Hawaii Mom Blog: Zingerman's Bakehouse Review + Pecan Blondies




June 26, 2018

Zingerman's Bakehouse Review + Pecan Blondies

Disclosure: A complimentary copy was received for review purposes.

I love to bake, so I was very excited to receive a copy of Zingerman's Bakehouse by Amy Emberling and Frank Carollo  (Chronicle Books/October 2017 Hardcover/$29.95).

Zingerman’s Bakehouse, in Ann Arbor, Michigan, is an institution. In celebrating its 25th anniversary, Zingerman’s has made it possible for bakers and cooks of all levels to bring a piece of the celebrated business into their kitchens. Zingerman’s Bakehouse by Amy Emberling and Frank Carollo (Chronicle Books, October 2017), shares 65 meticulously tested, carefully detailed recipes in a beautiful hardcover book featuring more than 50 color photographs, illustrations and behind-the-scenes stories of their phenomenal business.

Since 1992, this artisanal bakery has fed millions of fans across the country with delicious breads and baked goods. But Zingerman’s Bakehouse is also part of a community of eight different businesses which includes the world-famous Zingerman’s Deli. In addition to baking up delicacies for the deli, the Bakehouse is known for their delicious cookies, pastries and coffee cakes, as well as Jewish favorites like hamantaschen, rugelach, and Jewish Rye bread. They also bake up unique variations on the traditional Challah such as Moroccan Challah and Raisin Turban Challah and a rare sabbath Cholent recipe.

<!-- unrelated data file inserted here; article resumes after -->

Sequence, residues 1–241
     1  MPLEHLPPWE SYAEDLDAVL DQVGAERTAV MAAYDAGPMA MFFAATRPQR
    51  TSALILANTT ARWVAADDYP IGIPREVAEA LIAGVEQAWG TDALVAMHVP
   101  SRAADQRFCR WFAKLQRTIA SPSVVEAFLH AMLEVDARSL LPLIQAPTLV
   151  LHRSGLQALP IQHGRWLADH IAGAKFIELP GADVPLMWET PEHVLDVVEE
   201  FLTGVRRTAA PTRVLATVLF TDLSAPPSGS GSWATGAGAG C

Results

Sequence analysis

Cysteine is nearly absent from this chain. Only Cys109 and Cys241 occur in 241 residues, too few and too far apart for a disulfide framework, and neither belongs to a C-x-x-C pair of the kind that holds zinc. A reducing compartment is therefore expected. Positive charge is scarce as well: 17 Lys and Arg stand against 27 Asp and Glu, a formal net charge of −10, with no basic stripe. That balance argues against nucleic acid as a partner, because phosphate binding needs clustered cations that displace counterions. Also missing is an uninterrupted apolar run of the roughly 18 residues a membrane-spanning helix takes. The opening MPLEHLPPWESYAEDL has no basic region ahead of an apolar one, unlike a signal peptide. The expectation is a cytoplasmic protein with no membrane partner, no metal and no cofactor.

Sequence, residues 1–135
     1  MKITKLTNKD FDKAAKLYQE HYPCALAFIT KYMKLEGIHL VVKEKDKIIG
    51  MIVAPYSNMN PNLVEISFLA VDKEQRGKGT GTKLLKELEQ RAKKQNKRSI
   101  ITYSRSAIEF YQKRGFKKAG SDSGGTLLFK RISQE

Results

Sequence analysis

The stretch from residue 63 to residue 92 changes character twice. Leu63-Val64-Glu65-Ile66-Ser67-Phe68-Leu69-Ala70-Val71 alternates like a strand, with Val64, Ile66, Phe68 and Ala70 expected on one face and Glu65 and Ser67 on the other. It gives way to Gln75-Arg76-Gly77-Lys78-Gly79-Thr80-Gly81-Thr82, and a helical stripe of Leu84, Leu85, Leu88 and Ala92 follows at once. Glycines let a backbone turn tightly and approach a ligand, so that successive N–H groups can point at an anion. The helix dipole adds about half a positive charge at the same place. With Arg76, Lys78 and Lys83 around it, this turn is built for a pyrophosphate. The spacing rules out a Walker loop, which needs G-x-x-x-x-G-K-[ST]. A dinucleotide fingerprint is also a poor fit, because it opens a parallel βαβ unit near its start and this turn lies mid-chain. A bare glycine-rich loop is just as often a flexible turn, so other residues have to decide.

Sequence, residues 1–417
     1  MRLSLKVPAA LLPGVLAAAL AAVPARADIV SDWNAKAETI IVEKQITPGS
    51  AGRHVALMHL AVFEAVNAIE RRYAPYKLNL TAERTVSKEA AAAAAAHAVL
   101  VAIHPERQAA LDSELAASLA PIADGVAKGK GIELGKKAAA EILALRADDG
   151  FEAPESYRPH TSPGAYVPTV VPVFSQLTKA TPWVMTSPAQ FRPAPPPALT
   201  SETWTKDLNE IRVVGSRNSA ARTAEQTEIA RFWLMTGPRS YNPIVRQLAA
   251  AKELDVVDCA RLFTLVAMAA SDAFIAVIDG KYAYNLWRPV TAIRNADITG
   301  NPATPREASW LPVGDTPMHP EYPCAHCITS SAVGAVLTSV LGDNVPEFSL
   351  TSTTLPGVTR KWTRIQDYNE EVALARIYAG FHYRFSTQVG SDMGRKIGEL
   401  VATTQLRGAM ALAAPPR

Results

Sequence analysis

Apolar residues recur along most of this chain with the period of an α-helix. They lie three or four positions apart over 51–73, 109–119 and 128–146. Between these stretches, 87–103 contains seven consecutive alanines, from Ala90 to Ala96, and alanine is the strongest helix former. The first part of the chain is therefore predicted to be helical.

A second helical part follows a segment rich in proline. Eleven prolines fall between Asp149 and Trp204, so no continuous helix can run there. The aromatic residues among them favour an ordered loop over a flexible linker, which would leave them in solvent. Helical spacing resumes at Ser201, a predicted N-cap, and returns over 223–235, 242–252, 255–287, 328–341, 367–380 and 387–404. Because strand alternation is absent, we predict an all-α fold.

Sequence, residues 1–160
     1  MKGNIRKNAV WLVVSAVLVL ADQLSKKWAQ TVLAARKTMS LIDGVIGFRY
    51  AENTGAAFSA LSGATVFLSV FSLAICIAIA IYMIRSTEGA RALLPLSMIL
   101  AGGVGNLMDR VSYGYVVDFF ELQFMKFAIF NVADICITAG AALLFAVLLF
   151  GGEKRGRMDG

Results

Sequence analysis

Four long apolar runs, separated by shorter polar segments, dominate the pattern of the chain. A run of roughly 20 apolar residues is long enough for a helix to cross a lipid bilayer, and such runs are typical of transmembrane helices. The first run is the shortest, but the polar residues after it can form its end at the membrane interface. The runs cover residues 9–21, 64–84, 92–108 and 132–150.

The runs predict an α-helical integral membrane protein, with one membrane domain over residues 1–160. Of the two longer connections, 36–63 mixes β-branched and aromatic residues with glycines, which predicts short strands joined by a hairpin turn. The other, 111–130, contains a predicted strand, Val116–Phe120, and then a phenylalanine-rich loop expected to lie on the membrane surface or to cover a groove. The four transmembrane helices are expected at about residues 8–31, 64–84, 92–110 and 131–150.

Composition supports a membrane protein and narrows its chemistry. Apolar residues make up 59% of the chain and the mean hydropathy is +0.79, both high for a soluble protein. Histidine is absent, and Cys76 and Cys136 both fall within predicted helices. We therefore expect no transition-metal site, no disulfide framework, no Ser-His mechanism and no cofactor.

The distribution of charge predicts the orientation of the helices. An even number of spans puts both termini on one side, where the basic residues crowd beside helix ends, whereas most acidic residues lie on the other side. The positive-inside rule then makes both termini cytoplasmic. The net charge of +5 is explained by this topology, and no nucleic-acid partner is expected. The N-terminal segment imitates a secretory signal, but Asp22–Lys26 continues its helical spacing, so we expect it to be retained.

Zingerman's Bakehouse is not only full of recipes, but also stories about Zingerman's Bakehouse's history, anecdotes about the people of Zingerman's Bakehouse (both the staff and customers), as well as interesting narratives about the recipes.  

Throughout the cookbook the authors share the Bakehouse's values and beliefs, helpful baking tips, and of course - many, many recipes that are perfect for any time of year and any occasion.   

Since I love blondies, I decided to make the Bakehouse Pecan Blondies, which was created by Charlie Frank, who sought out a job at the bakery in 2001.  

The blondies are full of delicious pralines, which, as the book notes, are difficult not to eat on their own.

The recipe is pretty straightforward, utilizing a lot of pantry staples, and the end result is a super yummy, moist, sweet/salty blondie.